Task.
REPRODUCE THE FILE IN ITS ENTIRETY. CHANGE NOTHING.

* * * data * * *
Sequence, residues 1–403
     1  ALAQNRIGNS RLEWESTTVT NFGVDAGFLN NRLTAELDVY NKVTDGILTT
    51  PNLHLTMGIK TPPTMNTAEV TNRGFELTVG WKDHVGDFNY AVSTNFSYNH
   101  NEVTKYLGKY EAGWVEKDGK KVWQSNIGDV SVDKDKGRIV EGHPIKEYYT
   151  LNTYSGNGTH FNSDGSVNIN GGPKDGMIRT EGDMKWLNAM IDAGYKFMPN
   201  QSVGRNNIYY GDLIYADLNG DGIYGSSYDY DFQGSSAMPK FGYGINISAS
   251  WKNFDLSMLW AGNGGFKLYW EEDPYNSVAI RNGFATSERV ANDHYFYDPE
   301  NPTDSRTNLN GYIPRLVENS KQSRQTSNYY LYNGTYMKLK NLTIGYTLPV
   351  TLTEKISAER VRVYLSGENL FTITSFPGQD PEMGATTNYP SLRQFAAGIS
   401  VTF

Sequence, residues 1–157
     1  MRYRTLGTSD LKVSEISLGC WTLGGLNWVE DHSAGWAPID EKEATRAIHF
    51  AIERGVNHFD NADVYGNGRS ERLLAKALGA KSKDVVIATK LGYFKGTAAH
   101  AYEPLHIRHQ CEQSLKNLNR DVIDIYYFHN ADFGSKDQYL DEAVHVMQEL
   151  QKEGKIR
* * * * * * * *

Sequence, residues 1–403
     1  ALAQNRIGNS RLEWESTTVT NFGVDAGFLN NRLTAELDVY NKVTDGILTT
    51  PNLHLTMGIK TPPTMNTAEV TNRGFELTVG WKDHVGDFNY AVSTNFSYNH
   101  NEVTKYLGKY EAGWVEKDGK KVWQSNIGDV SVDKDKGRIV EGHPIKEYYT
   151  LNTYSGNGTH FNSDGSVNIN GGPKDGMIRT EGDMKWLNAM IDAGYKFMPN
   201  QSVGRNNIYY GDLIYADLNG DGIYGSSYDY DFQGSSAMPK FGYGINISAS
   251  WKNFDLSMLW AGNGGFKLYW EEDPYNSVAI RNGFATSERV ANDHYFYDPE
   301  NPTDSRTNLN GYIPRLVENS KQSRQTSNYY LYNGTYMKLK NLTIGYTLPV
   351  TLTEKISAER VRVYLSGENL FTITSFPGQD PEMGATTNYP SLRQFAAGIS
   401  VTF

Sequence, residues 1–157
     1  MRYRTLGTSD LKVSEISLGC WTLGGLNWVE DHSAGWAPID EKEATRAIHF
    51  AIERGVNHFD NADVYGNGRS ERLLAKALGA KSKDVVIATK LGYFKGTAAH
   101  AYEPLHIRHQ CEQSLKNLNR DVIDIYYFHN ADFGSKDQYL DEAVHVMQEL
   151  QKEGKIR